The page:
The changes to historical figures for China, along with a lower production forecast for the U.S., led the projection for 2018/19 global ending stocks lower (-5.2 million bales versus June’s estimate, to 77.8 million). Year-over-year, world-ending stocks are expected to decline 7.1 million bales. This is driven by a 9.2 million bale reduction expected in China. Stocks for the world-less-China are still expected to increase in 2018/19 (+2.0 million bales, to a record 49.3 million bales).
Predictions for world trade were increased slightly (+175,000 bales, from 41.1 to 41.2 million bales), with stronger demand expected from Bangladesh (+100,000, to 8.0 million) and Pakistan (+100,000, to 2.3 million). The U.S. export number for 2017/18 was increased due the strength of recent shipment data (+200,000 bales, to 16.2 million), but was lowered 500,000 bales for 2018/19 due to expectations of a smaller crop. The only other notable change to 2018/19 export figures was for Brazil (+500,000 bales, to a record 5.4 million). The Indian export forecast for 2017/18 was increased 250,000 bales, to 5.0 million).
The decrease in cotton prices that occurred around the middle of June was coincident with indications that the U.S. and China would pursue tariffs increases. Hopes for an agreement that could have avoided implementation were dashed when the July 6th deadline was reached. As a result, lists of U.S. and Chinese goods valued at $34 billion faced a 25 percentage point increase in duty rates. The Chinese list includes U.S. cotton fiber.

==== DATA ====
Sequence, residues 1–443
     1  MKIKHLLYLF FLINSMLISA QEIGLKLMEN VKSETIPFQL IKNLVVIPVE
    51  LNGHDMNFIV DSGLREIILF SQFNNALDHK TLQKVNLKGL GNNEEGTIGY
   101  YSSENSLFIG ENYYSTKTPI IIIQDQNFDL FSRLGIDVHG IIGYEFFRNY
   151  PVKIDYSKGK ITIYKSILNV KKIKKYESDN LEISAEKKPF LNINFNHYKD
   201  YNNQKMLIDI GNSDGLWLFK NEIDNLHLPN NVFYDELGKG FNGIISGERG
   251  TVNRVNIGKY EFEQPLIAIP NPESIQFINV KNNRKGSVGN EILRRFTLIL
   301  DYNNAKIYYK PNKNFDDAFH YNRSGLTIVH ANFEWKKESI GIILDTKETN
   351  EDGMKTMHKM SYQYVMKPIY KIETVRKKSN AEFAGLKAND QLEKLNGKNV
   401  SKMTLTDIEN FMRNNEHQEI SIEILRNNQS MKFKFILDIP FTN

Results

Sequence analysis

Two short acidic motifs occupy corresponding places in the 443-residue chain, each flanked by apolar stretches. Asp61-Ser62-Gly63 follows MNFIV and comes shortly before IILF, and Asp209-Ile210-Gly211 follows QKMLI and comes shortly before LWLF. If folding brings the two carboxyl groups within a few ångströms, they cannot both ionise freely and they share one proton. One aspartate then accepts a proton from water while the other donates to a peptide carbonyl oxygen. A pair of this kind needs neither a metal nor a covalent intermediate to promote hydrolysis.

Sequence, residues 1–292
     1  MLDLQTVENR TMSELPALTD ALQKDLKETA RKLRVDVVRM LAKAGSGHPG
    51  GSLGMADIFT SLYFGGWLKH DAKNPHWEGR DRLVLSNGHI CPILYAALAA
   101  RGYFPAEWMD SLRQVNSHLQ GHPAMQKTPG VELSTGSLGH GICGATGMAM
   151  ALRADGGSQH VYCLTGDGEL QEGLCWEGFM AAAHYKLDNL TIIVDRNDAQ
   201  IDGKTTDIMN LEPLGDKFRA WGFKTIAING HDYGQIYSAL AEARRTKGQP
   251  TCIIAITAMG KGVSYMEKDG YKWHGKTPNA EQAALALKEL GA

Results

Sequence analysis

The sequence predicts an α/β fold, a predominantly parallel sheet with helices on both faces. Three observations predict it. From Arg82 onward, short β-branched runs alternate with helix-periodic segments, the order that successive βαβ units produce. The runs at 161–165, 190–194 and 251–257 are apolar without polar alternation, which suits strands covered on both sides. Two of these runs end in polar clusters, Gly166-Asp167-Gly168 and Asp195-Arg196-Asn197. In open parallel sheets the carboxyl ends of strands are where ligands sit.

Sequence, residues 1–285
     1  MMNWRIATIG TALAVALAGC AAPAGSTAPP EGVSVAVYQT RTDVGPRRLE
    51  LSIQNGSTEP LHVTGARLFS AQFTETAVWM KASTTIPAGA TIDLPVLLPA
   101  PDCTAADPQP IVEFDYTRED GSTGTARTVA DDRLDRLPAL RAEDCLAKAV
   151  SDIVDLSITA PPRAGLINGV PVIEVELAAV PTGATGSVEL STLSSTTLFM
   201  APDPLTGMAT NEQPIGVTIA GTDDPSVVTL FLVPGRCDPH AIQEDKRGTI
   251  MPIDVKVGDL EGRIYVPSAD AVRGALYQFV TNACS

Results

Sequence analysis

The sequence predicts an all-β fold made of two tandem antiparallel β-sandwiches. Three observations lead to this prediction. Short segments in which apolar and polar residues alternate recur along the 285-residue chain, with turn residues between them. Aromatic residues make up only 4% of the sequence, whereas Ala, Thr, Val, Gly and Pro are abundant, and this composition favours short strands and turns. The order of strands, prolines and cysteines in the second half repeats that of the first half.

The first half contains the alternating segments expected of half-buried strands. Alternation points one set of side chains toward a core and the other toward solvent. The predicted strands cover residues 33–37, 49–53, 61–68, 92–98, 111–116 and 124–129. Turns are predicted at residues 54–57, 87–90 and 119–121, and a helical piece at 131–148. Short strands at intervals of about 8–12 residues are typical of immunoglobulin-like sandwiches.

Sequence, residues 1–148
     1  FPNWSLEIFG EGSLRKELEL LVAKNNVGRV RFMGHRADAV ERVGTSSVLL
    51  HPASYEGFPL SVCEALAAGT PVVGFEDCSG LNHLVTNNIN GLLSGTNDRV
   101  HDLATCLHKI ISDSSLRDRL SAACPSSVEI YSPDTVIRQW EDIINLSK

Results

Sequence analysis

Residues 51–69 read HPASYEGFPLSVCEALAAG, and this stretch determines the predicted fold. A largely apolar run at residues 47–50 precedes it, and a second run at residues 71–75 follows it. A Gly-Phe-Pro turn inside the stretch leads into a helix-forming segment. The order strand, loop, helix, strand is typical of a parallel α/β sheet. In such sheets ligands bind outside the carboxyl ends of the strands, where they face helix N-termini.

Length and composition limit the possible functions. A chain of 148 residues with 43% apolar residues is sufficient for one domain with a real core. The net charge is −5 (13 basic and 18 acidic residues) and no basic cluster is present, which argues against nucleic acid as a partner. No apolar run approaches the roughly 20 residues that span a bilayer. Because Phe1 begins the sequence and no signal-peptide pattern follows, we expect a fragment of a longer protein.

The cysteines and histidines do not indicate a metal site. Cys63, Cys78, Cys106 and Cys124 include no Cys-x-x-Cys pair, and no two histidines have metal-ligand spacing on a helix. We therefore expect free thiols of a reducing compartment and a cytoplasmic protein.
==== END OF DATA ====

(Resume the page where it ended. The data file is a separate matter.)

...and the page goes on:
Additional lists from both sides, valued at $16 billion, are expected to face 25 percentage point increases in the next few months. On top of that, the U.S. just released another list of Chinese goods worth $200 billion that could be hit with a 10 percentage point increase in duties. This $200 billion list includes a wide range of intermediate textile goods (HS Chapters 50-60), but excludes finished apparel and home textiles (HS Chapters 61-63). However, the U.S. has threatened to develop a second $200 billion list of Chinese goods that could include finished apparel and home textile items.
The ultimate consequences of these trade/tariff negotiations is unknown, beyond the simple fact that they have introduced another layer of uncertainty. And, given China’s expected transition to higher levels of imports, the cotton market was already facing a significant amount of uncertainty. This can be observed in the separation between forecasts for Chinese imports in 2018/19. Cotlook’s current import forecast of 11.4 million bales (2.5 million tons) is much higher than the USDA’s projection of 7.0 million bales. Stocks outside of China are forecast to increase to a new record in 2018/19 (USDA estimates), but the projected increase in world-less-China stocks of two million bales in 2018/19 would be more than reversed if Chinese imports end up matching Cotlook’s current estimate.
Read the full Monthly Economic Letter: July 2018.